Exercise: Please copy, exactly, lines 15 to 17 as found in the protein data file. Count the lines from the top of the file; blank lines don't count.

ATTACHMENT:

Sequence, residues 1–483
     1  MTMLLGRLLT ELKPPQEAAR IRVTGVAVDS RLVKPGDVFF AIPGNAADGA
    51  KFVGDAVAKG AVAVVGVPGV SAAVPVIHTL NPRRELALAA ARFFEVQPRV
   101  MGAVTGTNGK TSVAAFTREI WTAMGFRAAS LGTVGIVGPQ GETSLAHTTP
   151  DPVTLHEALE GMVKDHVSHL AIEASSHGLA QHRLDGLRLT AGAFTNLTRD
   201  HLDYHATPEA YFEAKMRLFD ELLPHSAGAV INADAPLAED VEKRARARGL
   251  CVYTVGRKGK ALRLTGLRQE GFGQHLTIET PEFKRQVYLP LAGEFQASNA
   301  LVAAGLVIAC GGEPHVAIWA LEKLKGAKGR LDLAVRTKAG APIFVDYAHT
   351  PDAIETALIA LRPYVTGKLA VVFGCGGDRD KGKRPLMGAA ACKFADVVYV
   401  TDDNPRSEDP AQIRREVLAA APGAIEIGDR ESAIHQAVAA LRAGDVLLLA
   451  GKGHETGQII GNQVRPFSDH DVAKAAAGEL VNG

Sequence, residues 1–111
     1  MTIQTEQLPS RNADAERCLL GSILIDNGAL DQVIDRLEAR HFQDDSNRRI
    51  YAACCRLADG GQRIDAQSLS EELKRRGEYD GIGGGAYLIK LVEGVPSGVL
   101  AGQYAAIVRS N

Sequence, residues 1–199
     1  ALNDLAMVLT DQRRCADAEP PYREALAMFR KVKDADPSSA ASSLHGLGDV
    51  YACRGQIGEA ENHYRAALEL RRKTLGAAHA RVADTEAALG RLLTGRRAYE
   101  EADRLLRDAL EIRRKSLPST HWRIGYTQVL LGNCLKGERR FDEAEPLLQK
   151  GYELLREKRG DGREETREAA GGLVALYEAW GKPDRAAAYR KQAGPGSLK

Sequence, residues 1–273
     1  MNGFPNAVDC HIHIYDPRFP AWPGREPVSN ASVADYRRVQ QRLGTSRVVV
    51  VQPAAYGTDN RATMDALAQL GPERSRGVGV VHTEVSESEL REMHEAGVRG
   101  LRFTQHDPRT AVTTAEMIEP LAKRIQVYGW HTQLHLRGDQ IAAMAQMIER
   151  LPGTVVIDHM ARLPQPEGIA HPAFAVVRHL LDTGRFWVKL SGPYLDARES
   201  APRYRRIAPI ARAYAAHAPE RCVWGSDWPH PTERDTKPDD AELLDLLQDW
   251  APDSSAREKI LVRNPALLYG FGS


   101  AGQYAAIVRS N

Sequence, residues 1–199
     1  ALNDLAMVLT DQRRCADAEP PYREALAMFR KVKDADPSSA ASSLHGLGDV